"Tonight was a frustrating night in the fact that we really didn't give ourselves a chance, even though we were in the game. Tied in the third period, that's not the way you want to end it at home."
Added Allen: "It's a 60-minute game and every minute counts. We started the game slow and found it a little bit, found it in the second and sort of tailed off again in the third. It's teams like that that can capitalize quick if you don't play a 60-minute game. It's tough to come out on top.
"The start's crucial. The first five minutes of every hockey game is big, big momentum swings. You want to be on the side of momentum. Unfortunately we had a bad break there, they capitalized on it and put us behind the Eight-ball quick."
So with practice Friday and the mighty Blackhawks coming to town Saturday in a foul mood off a 3-2 loss at Nashville Thursday, the Blues need a wake-up fast, or it might be more of the same.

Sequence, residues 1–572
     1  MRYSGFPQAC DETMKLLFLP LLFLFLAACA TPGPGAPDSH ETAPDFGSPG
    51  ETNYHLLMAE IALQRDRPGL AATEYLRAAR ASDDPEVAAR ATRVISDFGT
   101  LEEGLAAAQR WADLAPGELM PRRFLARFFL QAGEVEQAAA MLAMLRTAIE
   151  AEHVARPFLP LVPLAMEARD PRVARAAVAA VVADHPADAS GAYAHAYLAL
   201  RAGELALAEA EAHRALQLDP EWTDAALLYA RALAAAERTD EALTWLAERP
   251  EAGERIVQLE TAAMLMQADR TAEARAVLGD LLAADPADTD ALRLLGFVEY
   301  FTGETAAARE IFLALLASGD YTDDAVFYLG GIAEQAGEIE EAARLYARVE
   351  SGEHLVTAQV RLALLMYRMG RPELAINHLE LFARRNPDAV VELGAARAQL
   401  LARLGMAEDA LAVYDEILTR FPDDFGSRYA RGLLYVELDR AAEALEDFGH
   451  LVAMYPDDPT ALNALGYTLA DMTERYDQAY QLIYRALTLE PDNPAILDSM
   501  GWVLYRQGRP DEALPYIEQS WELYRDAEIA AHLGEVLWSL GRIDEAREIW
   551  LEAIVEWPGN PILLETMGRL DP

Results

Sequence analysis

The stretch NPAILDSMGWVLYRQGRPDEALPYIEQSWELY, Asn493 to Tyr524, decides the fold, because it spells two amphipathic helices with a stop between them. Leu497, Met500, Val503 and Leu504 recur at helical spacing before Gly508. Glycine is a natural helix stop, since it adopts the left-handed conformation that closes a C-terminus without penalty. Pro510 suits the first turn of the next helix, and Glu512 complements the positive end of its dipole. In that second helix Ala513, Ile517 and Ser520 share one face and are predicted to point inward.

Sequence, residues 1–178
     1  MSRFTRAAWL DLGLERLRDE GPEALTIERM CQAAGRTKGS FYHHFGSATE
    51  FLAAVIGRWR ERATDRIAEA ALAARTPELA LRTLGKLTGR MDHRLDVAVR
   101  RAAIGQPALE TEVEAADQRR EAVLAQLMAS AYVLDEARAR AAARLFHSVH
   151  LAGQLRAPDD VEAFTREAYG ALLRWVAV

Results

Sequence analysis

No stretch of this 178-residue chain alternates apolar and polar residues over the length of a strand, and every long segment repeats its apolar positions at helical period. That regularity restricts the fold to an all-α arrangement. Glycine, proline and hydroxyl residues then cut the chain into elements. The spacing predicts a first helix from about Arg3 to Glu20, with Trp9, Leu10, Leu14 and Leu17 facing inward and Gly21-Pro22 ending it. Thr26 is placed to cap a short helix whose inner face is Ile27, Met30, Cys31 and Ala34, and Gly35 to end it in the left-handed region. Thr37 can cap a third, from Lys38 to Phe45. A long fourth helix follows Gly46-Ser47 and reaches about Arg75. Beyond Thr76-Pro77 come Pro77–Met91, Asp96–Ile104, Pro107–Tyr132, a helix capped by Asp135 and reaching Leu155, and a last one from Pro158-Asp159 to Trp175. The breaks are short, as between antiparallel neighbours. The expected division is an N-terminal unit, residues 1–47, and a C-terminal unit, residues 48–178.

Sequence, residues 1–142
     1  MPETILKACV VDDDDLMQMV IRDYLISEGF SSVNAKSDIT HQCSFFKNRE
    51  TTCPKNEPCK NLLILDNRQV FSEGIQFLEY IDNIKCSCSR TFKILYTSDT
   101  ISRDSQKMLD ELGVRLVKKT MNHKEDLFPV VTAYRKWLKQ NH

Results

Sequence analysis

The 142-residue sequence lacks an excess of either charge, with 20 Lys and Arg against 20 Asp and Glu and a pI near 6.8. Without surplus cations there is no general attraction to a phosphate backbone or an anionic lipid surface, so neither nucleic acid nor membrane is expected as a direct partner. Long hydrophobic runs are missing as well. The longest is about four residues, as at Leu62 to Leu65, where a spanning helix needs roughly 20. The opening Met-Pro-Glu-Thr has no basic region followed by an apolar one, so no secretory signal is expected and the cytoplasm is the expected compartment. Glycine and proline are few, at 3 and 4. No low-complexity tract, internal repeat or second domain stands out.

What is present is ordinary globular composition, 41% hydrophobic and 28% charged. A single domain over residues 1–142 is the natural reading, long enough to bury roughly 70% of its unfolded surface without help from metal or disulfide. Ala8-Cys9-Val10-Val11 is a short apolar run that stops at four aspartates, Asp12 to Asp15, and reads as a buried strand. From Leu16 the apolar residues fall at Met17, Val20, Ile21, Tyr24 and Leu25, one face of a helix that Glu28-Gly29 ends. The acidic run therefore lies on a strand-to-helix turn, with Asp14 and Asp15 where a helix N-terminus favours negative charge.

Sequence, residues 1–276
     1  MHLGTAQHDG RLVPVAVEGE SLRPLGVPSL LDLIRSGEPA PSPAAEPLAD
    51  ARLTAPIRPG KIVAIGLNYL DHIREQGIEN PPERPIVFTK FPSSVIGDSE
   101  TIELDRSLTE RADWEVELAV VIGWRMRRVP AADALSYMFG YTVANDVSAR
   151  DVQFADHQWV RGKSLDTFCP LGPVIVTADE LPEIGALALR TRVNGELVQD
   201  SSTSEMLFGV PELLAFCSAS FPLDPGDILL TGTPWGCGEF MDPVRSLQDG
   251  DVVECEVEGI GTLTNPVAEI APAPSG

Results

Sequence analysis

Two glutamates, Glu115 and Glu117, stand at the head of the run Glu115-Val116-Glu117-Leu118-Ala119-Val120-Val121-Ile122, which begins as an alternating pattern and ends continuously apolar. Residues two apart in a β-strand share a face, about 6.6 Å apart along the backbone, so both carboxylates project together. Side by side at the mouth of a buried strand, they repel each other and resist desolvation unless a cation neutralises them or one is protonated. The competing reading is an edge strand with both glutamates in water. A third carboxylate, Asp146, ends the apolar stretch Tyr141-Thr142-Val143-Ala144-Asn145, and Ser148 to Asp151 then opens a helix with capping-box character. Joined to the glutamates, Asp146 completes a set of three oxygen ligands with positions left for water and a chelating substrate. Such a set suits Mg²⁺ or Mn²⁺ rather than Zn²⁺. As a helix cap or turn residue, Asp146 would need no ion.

"It's imperative that everyone watches your shifts, look in the mirror, see what they can do to help us have more success," captain David Backes said. "That's how we get better. Everyone needs to do a good self-evaluation, starting with myself for sure and see whatever else we can do to help the team starting with the puck drop on Saturday.
|(St. Louis Blues photo)|
Former Blues goalie Ryan Miller came back to St. Louis to bite the hand
that once fed him with a 31-save performance in a 4-1 victory for the
Vancouver Canucks on Thursday.
"I think we're focused a little bit too much on that skill element that we think we all of the sudden have. We're a Blues hockey team ... we're going to play the way that the Blues play to be successful and that's hard-nosed and simple and hard and let our skill kick in when we get those chances in the hard areas; getting our noses dirty. We haven't found that game yet and the results have been some unsatisfying performances."
The Blues didn't drop their third game in regulation last season until Nov. 17 (19 games) when they started 13-3-3. But this 2014-15 team is not playing nowhere near last year's squad.
"We've been having a lot of meetings, and now it's enough time for talk and just getting to it and just doing it," Shattenkirk said. "It's a matter of taking actions now and going out there and setting examples, especially as leaders. We're not doing it and unfortunately, we have to realize when our top guys are having an off-night, which is going to happen, we all have to stand by them and other guys have to step up. That's something that we need to work on and get better at."